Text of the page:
Intro to Tibet
Tibet Autonomous Region (西藏自治区 Xīzàng Zìzhìqū) is a province-level region of the People's Republic of China. It is governed by a People's Government, led by a Chairman. In practice, however, the Chairman is subordinate to the branch secretary of the Communist Party of China. As a matter of convention, the Chairman has almost always been an ethnic Tibetan, while the party secretary has almost always been a non-Tibetan. The current Chairman is Padma Choling and the current party secretary is Zhang Qingli, who was previously the party secretary of Tai'an and Lanzhou, and commander of the Xinjiang Production and Construction Corps.
Tibet is truly the roof of the world. This high plateau in the far west of China is set along the northern edge of the Himalayas. Here you find many of the worlds highest mountains including the famous Mount Everest. Tibet is one of the least populated regions of China. As such, it remains largely unspoilt by modernity. Here you will find peasants and monks living a lifestyle that has remained unchanged since time immemorial. Lasha, the capital city of the region, is the main destination for tourists. The key tourist attraction being the Potala Palace in the centre of the city.
To the north, Tibet borders Xinjiang and Qinghai regions. To the east lies Sichuan province. Yunnan province is to the south east. The souther borders of Tibet mark the international borders with several countries including India, Bhutan and Nepal. Few roads and only one rail line cross Tibet, which is extremely high in altitude and very mountainous. The vast distances between towns and cities means that most tourists only visit a few of the most well known tourists sites.
Travel within Tibet is usually no problem. However, at certain times the Chinese government posts travel restrictions on foreigners visiting this region at short notice. Thus if you are planing visit Tibet, it is advisable to have a backup plan just in case. At all times, foreign tourists are required to apply for a special travel permit to enter the region. This permit is in addition to your visa for entering China. Your tour operator will be able to arrange this permit for you.
Culture of Tibet
The Tibet Autonomous Region has the lowest population density among China's province-level administrative regions, mostly due to its mountainous and harsh geographical features.
In 2000, 92.8% of the population were ethnic Tibetans, who mainly adhere to Tibetan Buddhism and Bön.
Han Chinese comprised 6.1% of the population However, the region has seen some Han migrants began early in the decade, especially since the 2006 completion of a railway line linking Tibet with the rest of China.
Muslim ethnic groups such as the Hui and the Salar have long inhabited Tibet Autonomous Region. Another Muslim group is the Tibetan Muslims, who are ethnically Tibetans but believe in Islam. They are counted as Tibetans by the Chinese government.
Smaller tribal groups such as the Monpa and Lhoba, who follow a combination of Tibetan Buddhism and spirit worship, are found mainly in the southeastern parts of the region.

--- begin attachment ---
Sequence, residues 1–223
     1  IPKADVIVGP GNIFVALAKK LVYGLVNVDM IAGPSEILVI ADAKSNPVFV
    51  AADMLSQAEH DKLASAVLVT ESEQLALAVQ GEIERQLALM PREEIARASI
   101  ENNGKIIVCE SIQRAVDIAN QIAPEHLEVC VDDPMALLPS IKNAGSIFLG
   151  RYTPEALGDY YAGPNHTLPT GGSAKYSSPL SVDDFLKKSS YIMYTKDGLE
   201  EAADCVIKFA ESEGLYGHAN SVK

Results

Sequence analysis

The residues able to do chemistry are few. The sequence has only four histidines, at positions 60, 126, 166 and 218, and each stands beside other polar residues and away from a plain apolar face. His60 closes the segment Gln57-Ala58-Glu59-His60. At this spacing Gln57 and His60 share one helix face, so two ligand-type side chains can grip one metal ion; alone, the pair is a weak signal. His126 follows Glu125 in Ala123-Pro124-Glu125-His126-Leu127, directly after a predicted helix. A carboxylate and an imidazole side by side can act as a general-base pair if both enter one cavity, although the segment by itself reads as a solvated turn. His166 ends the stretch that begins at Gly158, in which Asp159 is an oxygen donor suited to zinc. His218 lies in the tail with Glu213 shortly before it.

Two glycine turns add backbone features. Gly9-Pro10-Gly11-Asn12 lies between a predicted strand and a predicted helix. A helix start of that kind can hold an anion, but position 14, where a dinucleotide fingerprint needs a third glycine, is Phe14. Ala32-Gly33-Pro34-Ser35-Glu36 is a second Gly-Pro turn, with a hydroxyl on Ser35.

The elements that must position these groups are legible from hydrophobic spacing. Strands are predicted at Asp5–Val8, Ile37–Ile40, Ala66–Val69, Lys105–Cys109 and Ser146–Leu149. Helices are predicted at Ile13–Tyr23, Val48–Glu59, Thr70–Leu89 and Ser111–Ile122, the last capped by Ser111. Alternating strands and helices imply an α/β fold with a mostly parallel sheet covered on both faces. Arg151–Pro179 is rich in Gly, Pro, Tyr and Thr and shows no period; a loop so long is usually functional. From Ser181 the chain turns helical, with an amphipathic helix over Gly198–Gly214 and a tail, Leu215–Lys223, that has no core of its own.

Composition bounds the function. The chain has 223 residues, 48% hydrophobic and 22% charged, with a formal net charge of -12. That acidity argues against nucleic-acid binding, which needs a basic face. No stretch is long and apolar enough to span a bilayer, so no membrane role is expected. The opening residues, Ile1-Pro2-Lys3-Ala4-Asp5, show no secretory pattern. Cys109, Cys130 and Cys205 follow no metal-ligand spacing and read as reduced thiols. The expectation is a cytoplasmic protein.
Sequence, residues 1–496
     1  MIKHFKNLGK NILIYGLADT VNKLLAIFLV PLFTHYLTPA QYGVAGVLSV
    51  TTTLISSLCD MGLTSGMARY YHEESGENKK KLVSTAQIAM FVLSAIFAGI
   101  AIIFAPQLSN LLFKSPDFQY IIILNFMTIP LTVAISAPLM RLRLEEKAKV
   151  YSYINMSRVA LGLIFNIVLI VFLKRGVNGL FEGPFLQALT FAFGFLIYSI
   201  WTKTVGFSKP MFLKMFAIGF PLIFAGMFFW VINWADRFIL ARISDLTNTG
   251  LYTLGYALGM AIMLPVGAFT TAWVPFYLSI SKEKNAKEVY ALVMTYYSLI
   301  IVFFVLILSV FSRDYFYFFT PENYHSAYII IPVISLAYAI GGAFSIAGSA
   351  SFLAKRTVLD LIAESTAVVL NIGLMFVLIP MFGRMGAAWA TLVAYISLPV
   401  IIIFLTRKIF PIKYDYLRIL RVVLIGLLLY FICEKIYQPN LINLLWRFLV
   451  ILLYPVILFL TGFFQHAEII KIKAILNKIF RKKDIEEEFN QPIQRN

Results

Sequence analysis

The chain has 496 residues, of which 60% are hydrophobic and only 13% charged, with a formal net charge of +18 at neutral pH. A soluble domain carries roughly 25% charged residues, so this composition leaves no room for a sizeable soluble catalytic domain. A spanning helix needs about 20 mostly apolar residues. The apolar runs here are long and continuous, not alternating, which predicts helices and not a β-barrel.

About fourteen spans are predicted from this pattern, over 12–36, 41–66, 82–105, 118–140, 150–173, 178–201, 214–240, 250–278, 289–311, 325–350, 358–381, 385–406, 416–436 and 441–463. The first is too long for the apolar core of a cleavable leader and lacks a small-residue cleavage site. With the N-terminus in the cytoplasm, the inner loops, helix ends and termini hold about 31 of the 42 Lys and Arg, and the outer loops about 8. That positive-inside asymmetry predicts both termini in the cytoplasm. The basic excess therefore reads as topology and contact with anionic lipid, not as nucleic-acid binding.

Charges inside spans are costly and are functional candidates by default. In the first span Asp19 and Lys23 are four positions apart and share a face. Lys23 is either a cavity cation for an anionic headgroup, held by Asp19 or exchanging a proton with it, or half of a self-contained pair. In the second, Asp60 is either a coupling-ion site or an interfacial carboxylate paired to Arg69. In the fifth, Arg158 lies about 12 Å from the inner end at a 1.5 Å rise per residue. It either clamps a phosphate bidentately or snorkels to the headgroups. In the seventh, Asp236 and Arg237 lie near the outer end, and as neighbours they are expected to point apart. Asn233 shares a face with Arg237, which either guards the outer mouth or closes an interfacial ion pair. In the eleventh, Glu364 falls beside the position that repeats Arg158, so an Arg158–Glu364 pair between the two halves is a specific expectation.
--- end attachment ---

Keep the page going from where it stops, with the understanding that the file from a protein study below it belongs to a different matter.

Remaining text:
Industry of Tibet
The economy of Tibet is dominated by subsistence agriculture. Due to limited arable land, livestock raising is the primary occupation on the Tibetan Plateau. This includes the raising of sheep, cattle, goats, camels, yaks, donkeys and horses. The main crops grown are barley, wheat, buckwheat, rye, potatoes, oats, rapeseeds, cotton and assorted fruits and vegetables. In recent years the economy has begun evolving into a multiple structure with agriculture and tertiary industry developing side by side.
Development of GDP
||GDP in Bill.Yuan
Tibet's GDP in 2008 was 39.6 billion yuan. The Central Chinese government exempts Tibet from all taxation and provides 90% of Tibet's government expenditure.
In recent years Tibet's tourism has expanded rapidly, especially after the finish of Qingzang Railway in July 2006. Tibet received 2.5 million tourists in 2006, including 150,000 foreigners. According to the Chairman of the Tibet Autonomous Region, Qiangba Puncog, Tibet's economy has grown on average 12% per year from 2000 to 2006. The per capita GDP reached 10,000 RMB in 2006 for the first time in Tibet's history.
In the first six months of 2008, economic growth in Tibet was halved after the Lhasa riots led to a slump in tourism, consumption and output. The region’s economy expanded 7.4 percent in the period from 2007, down from 14.7 percent in the year-earlier period.
From January 18-20, 2010 a national conference on Tibet and areas inhabited by Tibetans in Sichuan, Yunnan, Gansu and Qinghai was held in China and a substantial plan to improve development of the areas was announced. The conference was attended by Chinese President Hu Jintao, Wu Bangguo, Wen Jiabao, Jia Qinglin, Li Changchun, Xi Jinping, Li Keqiang, He Guoqiang and Zhou Yongkang signaling the commitment of senior Chinese leaders to development of Tibet and ethnic Tibetan areas. The plan calls for improvement of rural Tibetan income to national standards by 2020 and free education for all rural Tibetan children. The country has invested 310 billion yuan (about 45.6 billion U.S. dollars) in Tibet since 2001. Tibet's GDP was expected to reach 43.7 billion yuan in 2009, up 170 percent from that in 2000 and posting an annual growth of 12.3 percent over the past nine years.
Tourists were first permitted to visit the Tibet Autonomous Region in the 1980s. While the main attraction is the Potala Palace in Lhasa, there are many other popular tourist destinations including Jokhang Temple, Namtso Lake, and Tashilhunpo Monastery. Some areas remain restricted to tourists. To visit tibet, foreign tourists must apply for a entry permit from the Tibet police. Most tourist agents in China will be able to assist you in getting this entry permit.